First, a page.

Next time you’re in Paris and want to avoid the typical tourist route, take a day trip to Saint-Germain-en-Laye. The town is only 20 kilometres west of Paris and 15 km from Versailles.
It couldn’t be easier to travel from the City, as it takes only 20 minutes on the RER A line from Paris direct to the terminus of Saint-Germain-en-Laye just opposite the château. As we live only five minutes away from this Royal market town, I’m proud to present it as part of my series on interesting day trips from Paris.
Not to be confused with the quarter of Saint Germain-des-Prés in Paris, the town of Saint-Germain-en-Laye is perched on the edge of a forest of 3500 hectares and today has a population of about 43,000. It’s home to the famous Paris Saint Germain football (soccer) team. However, before it was a Royal town, home to the Kings of France before Louis XIV put Versailles on the map.
Saint-Germain-en-Laye & its Scottish Connection
The town even has its own tartan, such is the Franco-Scottish Auld Alliance with the Scots – and Saint-Germain-en-Laye is twinned with the town of Ayr in Scotland. September 2019 was the first ever Scottish festival in the town, complete with dancers and pipers from Scotland – imagine a pipe band passing under Madame La Marquise de Maintenon’s residence above – future 2nd wife to Louis XIV.
With my Scottish roots, I’m always patriotic passing the newly renovated church, where King James VII of Scotland (II of England) lies.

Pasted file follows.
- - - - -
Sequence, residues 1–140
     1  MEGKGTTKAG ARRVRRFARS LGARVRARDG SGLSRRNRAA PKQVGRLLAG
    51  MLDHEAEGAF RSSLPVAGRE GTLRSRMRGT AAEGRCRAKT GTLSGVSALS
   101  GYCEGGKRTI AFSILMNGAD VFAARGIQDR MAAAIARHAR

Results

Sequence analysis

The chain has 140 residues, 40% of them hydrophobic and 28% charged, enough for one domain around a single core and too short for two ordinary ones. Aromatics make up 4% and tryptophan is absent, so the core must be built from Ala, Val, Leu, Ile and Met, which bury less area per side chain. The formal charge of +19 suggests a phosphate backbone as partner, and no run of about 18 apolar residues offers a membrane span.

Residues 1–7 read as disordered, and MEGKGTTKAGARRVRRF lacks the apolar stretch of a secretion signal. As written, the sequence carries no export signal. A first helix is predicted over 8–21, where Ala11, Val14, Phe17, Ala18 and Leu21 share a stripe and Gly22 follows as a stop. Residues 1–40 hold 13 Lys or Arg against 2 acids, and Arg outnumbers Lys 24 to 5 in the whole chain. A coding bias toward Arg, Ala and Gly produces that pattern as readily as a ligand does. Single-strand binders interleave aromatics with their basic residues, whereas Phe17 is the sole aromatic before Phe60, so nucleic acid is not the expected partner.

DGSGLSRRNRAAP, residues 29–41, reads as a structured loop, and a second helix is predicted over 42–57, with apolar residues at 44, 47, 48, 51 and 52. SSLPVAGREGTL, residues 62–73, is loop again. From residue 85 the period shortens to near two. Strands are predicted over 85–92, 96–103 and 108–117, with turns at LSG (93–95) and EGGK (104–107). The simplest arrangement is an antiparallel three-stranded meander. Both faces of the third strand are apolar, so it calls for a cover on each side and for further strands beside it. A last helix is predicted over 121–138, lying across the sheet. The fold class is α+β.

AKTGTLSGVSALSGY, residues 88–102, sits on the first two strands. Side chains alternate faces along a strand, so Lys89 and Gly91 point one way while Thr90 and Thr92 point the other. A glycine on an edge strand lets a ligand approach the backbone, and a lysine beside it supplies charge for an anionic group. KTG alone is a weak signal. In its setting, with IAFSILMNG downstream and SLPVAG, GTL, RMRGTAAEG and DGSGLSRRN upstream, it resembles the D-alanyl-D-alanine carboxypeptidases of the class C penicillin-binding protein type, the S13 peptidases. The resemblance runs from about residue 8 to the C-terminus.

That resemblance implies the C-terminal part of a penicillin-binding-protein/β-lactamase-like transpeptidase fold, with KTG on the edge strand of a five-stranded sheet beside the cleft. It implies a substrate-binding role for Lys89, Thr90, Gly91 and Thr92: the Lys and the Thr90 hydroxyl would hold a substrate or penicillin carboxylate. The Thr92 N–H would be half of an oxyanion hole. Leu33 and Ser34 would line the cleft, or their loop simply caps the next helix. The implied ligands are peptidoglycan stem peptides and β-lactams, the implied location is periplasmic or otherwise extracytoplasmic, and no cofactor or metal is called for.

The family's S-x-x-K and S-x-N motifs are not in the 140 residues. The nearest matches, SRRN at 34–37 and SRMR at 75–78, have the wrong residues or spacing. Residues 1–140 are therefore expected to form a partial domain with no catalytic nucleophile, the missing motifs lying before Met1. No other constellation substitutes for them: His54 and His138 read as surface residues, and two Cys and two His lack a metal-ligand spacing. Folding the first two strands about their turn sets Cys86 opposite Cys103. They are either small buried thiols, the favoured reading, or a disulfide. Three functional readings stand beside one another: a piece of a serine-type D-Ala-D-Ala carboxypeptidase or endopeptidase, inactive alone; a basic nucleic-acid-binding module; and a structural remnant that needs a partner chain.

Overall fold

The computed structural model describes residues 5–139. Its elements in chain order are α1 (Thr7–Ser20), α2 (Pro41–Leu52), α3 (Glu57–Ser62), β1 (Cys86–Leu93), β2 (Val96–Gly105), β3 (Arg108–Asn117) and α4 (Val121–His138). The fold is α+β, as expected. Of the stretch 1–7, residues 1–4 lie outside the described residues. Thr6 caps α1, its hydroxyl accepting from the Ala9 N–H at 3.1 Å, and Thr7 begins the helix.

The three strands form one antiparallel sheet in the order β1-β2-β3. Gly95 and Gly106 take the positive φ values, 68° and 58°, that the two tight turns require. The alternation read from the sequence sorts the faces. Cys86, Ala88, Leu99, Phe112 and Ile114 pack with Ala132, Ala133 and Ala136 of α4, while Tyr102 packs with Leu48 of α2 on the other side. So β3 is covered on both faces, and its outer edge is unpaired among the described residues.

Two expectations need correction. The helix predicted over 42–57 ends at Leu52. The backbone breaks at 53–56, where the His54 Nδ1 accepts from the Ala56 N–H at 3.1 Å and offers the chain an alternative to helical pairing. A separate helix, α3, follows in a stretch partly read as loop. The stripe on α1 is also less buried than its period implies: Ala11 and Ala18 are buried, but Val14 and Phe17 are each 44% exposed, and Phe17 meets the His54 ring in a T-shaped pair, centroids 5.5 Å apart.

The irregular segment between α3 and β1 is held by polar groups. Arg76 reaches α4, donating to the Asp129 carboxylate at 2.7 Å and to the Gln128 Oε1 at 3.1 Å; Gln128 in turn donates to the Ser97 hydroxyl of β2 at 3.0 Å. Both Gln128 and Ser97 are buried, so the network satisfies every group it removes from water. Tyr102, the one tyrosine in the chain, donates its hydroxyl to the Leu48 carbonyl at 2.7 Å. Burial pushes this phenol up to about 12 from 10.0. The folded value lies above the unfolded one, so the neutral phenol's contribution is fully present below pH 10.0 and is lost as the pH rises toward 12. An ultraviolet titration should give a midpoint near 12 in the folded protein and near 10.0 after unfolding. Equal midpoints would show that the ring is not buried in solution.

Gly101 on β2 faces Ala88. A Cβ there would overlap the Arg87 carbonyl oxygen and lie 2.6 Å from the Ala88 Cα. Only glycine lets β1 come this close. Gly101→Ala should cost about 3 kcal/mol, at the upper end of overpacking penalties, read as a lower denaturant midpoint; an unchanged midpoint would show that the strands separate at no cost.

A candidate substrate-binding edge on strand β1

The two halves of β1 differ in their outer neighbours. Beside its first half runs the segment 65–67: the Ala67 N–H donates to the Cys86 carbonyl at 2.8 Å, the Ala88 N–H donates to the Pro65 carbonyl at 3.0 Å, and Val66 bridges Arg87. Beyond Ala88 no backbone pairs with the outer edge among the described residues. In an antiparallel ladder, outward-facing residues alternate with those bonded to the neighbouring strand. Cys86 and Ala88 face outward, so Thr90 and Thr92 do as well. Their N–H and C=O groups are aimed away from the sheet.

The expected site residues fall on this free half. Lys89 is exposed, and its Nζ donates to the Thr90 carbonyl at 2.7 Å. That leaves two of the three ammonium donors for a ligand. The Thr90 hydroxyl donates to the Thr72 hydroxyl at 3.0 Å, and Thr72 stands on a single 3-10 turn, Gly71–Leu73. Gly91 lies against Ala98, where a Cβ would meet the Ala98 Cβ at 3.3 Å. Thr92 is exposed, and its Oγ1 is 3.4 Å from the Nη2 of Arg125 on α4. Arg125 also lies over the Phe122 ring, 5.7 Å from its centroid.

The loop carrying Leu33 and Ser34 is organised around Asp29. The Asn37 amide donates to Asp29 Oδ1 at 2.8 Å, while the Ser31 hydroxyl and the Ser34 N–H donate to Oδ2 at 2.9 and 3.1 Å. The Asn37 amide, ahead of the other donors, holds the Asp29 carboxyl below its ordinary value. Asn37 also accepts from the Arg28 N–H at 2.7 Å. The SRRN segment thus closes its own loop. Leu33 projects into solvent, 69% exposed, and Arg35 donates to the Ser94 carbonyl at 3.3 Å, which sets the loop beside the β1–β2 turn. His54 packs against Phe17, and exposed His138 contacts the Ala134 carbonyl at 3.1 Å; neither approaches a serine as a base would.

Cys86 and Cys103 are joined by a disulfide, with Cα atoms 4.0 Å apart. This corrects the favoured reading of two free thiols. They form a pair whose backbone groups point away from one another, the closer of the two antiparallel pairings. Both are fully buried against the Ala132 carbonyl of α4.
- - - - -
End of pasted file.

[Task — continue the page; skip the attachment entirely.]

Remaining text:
Across the road from his tomb (also renovated by the UK after the last time down by Queen Victoria) is the château de Saint-Germain-en-Laye, where the Stuart family lived while in exile.
One of the Best French Markets near Paris
This French Royal Burgh has been a market town since King François I, who decided as of 1526 that there should be two market days.
Today there are THREE legendary MARKET DAYS: on Tuesday, Friday and Sunday mornings (check out my Instagram feed, as you’ll see me regularly shop here.) I love our market so much, that I’ve created a new market produce page to share the experience.
I joined Victoria’s weekly guided weekend walk in French (although English is possible on request), organised by the Tourist Office, tracing the influence of King François I on the town. He stayed in Saint-Germain-en-Laye for over a thousand days – the longest for a monarch choosing between a wealthy choice of fairytale French castles. He left the town with its Renaissance layout, a pentagon-shaped castle and a centre for trade.